Employee sentiment rose in May: Get the latest from the ADP Research Institute’s Data Lab.

MainStreet Macro: Are consumers still all right? An update

May 13, 2024 | read time icon 3 min

Share this

Last week, a measure of consumer sentiment showed that people are more downbeat about their current and future economic well-being than they were a month ago. With the stock market reaching new highs in May, gas prices falling, and unemployment below 4 percent for the longest time since the 1960s, this gloomy shift is puzzling. 

For the past three years, consumers have been the economy’s most consistent bright light, which is important given that they account for about 70 percent of U.S. economic growth. Given this latest mood swing, it’s worth revisiting the question: Is the consumer all right?”

To gauge consumer health, I looked in three places.

Pay stubs

A healthy job market and rising wages have helped consumers keep up spending, even in the face of high inflation.

Our April Pay Insights report showed still-solid growth, with year-over-year pay up 5 percent for people on the job for at least 12 months, and more than 9 percent for people who changed jobs in the past year. 

Moreover, even when adjusted for inflation, earnings have risen from a year ago. That means consumers today are in a better position to weather higher prices.


Inflation combined with interest rates at 20-year highs have put pressure on consumer wallets.  Another way to capture the fiscal health of the consumer is to look at how much they can save every month. 

Consumers are saving about 3 percent of their disposable income after spending on necessities such as food and rent. That’s down significantly from the historical average of 9 percent and way down from the peak hit in the aftermath of the pandemic, when savings rates surged to more than 30 percent.

As savings tapering off, some economists and business leaders are concerned that consumers will start funding more of their purchases with debt.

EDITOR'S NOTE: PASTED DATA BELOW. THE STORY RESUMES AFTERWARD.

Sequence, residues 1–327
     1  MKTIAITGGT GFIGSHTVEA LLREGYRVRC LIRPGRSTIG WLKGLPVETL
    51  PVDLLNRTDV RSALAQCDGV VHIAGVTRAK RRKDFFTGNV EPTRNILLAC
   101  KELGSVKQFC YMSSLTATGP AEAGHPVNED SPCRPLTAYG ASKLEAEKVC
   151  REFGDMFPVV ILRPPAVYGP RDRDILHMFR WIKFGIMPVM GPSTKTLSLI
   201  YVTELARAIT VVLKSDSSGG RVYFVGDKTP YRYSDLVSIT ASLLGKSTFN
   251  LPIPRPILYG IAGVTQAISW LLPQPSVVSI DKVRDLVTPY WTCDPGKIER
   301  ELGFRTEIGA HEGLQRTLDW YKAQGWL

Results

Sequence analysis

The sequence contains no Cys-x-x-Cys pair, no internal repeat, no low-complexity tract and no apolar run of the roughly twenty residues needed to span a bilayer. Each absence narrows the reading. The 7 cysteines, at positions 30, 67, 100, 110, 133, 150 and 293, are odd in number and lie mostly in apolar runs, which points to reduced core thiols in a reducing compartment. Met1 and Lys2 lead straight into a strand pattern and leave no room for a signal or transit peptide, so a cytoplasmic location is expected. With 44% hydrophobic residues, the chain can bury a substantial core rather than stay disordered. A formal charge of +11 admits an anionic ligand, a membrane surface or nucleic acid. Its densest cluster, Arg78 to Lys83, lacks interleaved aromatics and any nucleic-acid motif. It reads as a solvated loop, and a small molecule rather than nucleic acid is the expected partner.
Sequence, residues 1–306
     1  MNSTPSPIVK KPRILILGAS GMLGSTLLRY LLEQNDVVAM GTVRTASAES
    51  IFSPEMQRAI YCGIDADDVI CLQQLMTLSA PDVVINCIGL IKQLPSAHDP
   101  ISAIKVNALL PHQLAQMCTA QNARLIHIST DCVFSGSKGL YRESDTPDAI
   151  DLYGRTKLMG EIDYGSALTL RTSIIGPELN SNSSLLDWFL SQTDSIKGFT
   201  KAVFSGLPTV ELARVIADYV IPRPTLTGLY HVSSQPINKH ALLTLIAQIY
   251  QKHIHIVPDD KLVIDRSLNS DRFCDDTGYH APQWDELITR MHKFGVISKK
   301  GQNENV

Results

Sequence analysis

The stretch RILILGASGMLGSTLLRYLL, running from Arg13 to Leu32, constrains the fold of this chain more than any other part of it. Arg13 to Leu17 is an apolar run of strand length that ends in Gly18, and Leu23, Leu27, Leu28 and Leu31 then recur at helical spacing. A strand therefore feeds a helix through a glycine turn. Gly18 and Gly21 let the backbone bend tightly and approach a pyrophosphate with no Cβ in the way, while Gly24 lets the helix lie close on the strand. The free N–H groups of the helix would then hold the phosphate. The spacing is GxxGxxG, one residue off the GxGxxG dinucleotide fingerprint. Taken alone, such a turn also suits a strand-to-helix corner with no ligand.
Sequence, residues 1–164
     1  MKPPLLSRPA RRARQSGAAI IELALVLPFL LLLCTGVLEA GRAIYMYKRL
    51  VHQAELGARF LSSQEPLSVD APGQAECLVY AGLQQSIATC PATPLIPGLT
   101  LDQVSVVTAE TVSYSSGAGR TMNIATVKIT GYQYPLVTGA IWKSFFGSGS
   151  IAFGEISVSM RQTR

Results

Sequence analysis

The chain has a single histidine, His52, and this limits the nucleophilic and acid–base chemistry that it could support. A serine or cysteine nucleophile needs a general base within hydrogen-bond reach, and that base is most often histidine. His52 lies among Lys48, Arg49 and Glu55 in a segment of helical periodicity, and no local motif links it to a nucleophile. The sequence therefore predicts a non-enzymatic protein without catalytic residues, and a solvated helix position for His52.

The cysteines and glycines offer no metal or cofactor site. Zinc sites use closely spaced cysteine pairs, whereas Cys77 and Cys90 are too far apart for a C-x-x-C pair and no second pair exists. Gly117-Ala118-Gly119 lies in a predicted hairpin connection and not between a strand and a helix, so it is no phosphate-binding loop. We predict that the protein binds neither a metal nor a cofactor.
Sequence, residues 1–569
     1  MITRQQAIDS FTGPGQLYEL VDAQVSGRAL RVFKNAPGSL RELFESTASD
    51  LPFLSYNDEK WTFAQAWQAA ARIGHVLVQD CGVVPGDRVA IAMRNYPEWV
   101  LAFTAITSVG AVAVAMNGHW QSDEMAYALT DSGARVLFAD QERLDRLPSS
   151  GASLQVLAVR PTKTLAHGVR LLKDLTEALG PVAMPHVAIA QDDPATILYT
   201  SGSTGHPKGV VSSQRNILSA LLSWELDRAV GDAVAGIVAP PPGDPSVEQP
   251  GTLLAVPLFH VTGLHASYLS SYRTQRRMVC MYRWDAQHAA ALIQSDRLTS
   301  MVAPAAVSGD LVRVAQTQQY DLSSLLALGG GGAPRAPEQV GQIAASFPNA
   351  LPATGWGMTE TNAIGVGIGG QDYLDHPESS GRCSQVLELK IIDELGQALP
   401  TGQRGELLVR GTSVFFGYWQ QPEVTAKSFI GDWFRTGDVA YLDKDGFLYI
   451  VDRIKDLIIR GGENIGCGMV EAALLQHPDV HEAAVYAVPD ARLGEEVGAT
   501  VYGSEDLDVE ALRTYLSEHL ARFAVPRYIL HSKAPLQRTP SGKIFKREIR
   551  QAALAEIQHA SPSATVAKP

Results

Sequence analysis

The good news is that consumers started the year with low debt.  Debt payments as a percent of disposable income at the end of 2023 were below pre-pandemic and historic levels.


The third place to check the health of the consumer is their receipts: What types of things are they spending money on?

After starting the year on a weak note, the year-over-year change in real consumer spending accelerated from 1.8 percent in January to more than 3 percent in March.

That’s a good sign for future spending, but context is important. While spending on services such as concert tickets and spa treatments continues to grow, consumers are spending a little less on big-ticket items such as cars and furniture.

My take

Inflation is like fish that has stayed in the fridge too long. It makes everything else smell bad, regardless of its quality.

Right now, the economy has a lot of high-quality metrics in its favor, but the stink of too-high inflation is keeping consumers from fully embracing even good economic conditions.

Over time, inflation could continue to erode consumer confidence in the economy. If it goes on too long, people might change their behavior and do the very thing that would slow growth¾ curtail their spending.   

This week, we’ll get new data on inflation and retail sales. Both are important indicators of the state of the consumer. We’ll learn whether spending in 2024 has continued to hold up under high prices.

For now, our checkup finds the consumer in good shape. But with prices still rising too quickly, borrowing costs high, and savings rates and historically low levels, we need to keep a watchful eye on consumer health. As goes the consumer, so goes Main Street and the economy.